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            Prosopagnosia has been reported as a visual agnosia with a high or full selectivity for faces as opposed to other objects. In other words, prosopagnosic patients display severe problems with recognising familiar faces (i.e. famous persons or family members) but show little or no difficulty in recognising everyday objects (i.e. chairs, appliances). This essay will first explain the two opposing arguments concerning of whether prosopagnosia is indeed a result of a damage to a face recognition module. Thereafter it will give details to the theoretical background of face recognition and prosopagnosia. Lastly it will focus on a specific case study suggestive of "pure" prosopagnosia. This case study will illustrate the findings supporting the existence of a face-module. In order to adequately evaluate such finding other analogous or undermining studies will be considered. .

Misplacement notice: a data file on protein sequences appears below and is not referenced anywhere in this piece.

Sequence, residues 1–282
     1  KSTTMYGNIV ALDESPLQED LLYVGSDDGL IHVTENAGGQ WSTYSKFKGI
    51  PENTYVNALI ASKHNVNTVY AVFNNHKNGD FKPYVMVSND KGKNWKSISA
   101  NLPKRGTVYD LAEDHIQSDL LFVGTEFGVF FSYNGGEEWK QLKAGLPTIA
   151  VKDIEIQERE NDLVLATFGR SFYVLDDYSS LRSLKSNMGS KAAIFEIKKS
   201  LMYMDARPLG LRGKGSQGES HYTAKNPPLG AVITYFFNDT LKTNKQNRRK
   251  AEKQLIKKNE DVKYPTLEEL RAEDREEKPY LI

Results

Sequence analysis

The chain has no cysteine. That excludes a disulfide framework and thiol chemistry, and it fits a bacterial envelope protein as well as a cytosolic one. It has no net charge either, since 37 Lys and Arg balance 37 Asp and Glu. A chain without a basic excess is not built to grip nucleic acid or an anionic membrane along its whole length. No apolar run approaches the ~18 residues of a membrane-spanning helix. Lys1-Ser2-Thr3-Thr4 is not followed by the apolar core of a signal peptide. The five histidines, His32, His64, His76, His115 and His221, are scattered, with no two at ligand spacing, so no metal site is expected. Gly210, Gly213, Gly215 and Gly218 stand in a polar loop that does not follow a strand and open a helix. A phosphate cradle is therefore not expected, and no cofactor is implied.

Findings from a vast research have highlighted two opposing arguments concerning prosopagnosia. Firstly, that there is a specific "face-module" dedicated to face recognition. This has been called the holistic hypothesis, that suggests that some areas of the brain are better at processing objects into parts (i.e. doors and windows of a house) and some are better at taking objects as wholes (Gauthier, Behrmann & Tarr 1999). Faces are thought to be discriminated on the configural basis (i.e. as wholes) therefore prosopagnosia would be the result of damage to such a brain system that was superior at processing stimuli as wholes. On the other hand, it has been argued that prosopagnosia is a deficit resulting from damage to a more general recognition system. The line of this argument follows the logic that objects and faces share the same recognition system but prosopagnosia affects mostly faces since faces are the most demanding stimuli to discriminate. This has been called the individual hypothesis (Gauthier et al. 1999). Most objects can be recognised at different levels of categorisation, some at the "basic" level (bird, car, table) some at more subordinate levels (duck vs.

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